After checking out a few hosting options, I narrowed it down to Bluehost and Siteground. This very in-depth article really helped me understand one from the other. I chose to spend a little more and go with Siteground because it was proven to be faster, and had better-rated customer service (I didn’t want to take my chances on this one). So far, so good.
Building a website instead of paying someone else to do it
After choosing my hosting service, I still had no idea how to even begin. I’m sure I could’ve figured it out, but I’m a rule- follower and I wanted to do it the “right” way.
I found a full online course on blogging, on an app I love called Udemy. It’s 13 hours long and I got it on sale (the courses go on sale regularly) for $15. The teacher, Theo McArthur walked me through buying my domain name, and building my entire website from the ground up. This whole website-building world would’ve been terrifying for me, without her screen-recorded walkthroughs.
I never looked into the costs of having a website built for me, so you’ll have to get that information elsewhere. I will, however, highly recommend the course to you. I’m only 40% into it, and have already learned so much.
Building your own website is incredibly complicated, but definitely possible- especially with a good teacher. It’s hard and time-consuming, but very very rewarding if you make the time to learn the skill. And I know everything I’m learning now will be invaluable to me as long as I’m adding to this site.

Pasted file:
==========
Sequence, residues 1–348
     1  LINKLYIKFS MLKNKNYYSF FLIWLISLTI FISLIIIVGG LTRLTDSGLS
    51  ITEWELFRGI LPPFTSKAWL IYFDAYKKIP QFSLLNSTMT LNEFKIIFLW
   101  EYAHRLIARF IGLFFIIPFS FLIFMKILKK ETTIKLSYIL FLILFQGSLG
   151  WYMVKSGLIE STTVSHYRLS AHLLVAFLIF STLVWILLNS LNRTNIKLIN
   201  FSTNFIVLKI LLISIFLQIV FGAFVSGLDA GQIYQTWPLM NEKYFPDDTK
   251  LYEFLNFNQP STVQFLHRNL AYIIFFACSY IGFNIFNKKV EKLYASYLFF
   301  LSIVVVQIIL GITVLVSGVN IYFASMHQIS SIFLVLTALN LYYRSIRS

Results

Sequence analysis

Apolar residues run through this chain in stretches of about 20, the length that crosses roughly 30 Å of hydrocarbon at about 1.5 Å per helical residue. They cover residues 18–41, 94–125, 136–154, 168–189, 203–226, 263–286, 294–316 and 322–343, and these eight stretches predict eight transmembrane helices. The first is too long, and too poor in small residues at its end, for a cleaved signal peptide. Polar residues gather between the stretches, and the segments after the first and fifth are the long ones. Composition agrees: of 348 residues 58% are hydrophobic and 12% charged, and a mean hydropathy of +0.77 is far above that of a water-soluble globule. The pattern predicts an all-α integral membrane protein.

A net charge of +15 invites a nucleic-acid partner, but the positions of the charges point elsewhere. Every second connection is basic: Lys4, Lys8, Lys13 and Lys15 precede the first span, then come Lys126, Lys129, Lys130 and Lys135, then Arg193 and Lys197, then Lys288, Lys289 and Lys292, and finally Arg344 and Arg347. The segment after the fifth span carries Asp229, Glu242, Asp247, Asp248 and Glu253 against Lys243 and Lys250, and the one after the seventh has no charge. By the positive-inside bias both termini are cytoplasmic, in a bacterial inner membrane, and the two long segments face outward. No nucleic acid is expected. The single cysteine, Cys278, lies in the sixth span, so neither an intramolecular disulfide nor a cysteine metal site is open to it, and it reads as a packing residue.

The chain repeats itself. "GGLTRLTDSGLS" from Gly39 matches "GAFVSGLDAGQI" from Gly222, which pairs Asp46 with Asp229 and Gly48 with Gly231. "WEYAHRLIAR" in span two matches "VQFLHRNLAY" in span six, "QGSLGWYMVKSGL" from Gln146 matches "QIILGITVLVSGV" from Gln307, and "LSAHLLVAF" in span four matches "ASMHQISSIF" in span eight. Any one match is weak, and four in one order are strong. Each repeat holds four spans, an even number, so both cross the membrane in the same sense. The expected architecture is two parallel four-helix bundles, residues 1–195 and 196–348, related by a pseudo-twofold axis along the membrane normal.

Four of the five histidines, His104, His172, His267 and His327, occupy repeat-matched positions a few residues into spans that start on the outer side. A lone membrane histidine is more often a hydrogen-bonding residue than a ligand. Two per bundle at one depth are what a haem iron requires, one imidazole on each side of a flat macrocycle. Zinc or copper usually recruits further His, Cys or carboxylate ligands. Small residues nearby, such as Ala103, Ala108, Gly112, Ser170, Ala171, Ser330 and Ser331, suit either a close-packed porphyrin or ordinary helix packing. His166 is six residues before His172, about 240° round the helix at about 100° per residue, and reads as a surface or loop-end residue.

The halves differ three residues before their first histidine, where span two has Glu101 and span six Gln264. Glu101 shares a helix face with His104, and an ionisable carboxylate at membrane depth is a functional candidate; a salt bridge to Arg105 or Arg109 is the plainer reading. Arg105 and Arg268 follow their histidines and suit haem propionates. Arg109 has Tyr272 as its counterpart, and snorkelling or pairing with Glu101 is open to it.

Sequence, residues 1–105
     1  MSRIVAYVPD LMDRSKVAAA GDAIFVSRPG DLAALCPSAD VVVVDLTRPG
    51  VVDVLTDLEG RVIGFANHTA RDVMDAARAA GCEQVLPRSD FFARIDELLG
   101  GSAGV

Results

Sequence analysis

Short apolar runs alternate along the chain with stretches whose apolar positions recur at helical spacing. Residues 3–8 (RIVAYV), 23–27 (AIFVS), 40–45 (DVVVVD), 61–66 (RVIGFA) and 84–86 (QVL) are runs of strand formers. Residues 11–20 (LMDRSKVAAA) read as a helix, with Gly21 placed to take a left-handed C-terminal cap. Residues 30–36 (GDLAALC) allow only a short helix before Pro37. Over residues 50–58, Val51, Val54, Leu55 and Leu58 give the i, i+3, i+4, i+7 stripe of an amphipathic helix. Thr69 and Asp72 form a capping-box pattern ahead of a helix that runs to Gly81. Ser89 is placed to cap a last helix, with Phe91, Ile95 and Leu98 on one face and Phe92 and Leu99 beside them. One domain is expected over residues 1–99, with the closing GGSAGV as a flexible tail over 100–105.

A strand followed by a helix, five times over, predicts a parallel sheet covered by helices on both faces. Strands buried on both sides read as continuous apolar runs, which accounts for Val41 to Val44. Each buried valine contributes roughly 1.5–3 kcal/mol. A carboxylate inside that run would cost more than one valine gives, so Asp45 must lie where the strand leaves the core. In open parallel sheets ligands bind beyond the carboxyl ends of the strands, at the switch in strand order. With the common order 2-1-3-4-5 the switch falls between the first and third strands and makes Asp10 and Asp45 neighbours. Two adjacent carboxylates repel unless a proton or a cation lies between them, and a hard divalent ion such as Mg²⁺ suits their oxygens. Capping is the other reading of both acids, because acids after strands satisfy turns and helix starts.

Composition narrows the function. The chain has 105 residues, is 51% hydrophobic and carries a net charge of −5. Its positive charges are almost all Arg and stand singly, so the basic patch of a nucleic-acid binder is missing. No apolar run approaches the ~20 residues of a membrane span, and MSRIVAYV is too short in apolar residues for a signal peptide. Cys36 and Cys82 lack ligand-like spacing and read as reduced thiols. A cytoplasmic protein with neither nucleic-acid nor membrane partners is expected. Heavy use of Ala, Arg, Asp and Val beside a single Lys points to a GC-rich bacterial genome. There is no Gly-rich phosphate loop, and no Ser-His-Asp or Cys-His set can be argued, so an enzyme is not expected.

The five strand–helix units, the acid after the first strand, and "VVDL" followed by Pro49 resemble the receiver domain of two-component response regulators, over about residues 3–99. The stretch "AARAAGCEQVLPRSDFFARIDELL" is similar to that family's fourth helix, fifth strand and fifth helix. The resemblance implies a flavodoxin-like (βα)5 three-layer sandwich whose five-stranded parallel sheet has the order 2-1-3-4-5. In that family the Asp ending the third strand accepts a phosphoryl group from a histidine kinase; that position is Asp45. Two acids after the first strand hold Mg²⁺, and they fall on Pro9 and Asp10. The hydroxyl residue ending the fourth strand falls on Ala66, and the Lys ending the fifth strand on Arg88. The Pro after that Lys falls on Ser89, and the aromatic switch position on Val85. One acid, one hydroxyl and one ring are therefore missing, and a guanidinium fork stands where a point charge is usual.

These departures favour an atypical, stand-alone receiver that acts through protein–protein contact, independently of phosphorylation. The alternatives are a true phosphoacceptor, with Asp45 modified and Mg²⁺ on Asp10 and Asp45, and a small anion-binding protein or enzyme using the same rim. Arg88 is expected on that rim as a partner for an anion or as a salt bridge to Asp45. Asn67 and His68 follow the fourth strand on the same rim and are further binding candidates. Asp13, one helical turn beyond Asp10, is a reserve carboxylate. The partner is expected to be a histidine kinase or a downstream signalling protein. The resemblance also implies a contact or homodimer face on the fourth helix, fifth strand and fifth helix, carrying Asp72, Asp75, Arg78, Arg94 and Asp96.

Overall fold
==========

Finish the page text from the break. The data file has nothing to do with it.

SEO, but make it English
In the course, Theo walked me through downloading a free plugin called Yoast SEO. It’s FANTASTIC.
Ok, so SEO stands for search engine optimization. This is Google’s algorithm against your website and each individual page or post on your blog. Google decides what to promote based on these standards. If a blog post isn’t well optimized, it will be less likely for your page to bring in organic traffic. It will also be less likely for someone searching a topic online to even see your site as an option. Without good optimization, you’re site will be 57 pages deep in the google results.
This plugin has been so helpful for me. It sits as a toolbar, on the right-hand of my screen. While I type out a post, it tells me the changes I need to make. Right now, for example, it is telling me that 10.8% of my sentences contain passive voice. The recommended is 10% for good SEO. I can press a button that highlights every sentence that is passive. Re-wording just one will probably boost my score.
I also never would have known that they want no more than 25% of your sentences to be over 20 words. That’s a hard rule for me to follow! Apparently perfect optimization isn’t natural for me- go figure.
It seems to me that search engines like Google prefer our blog posts to be written a lot like essays. A clear theme, solid headings, and idea repetition throughout, makes for good SEO. I tend to want my blogs to read more like chapters of a book, with alluring headings and poetic flow. Which is precisely why Yoast SEO is critical for someone like me. As much as my defiant side wants to fight the system, I would rather my website be discoverable. So I do what they tell me.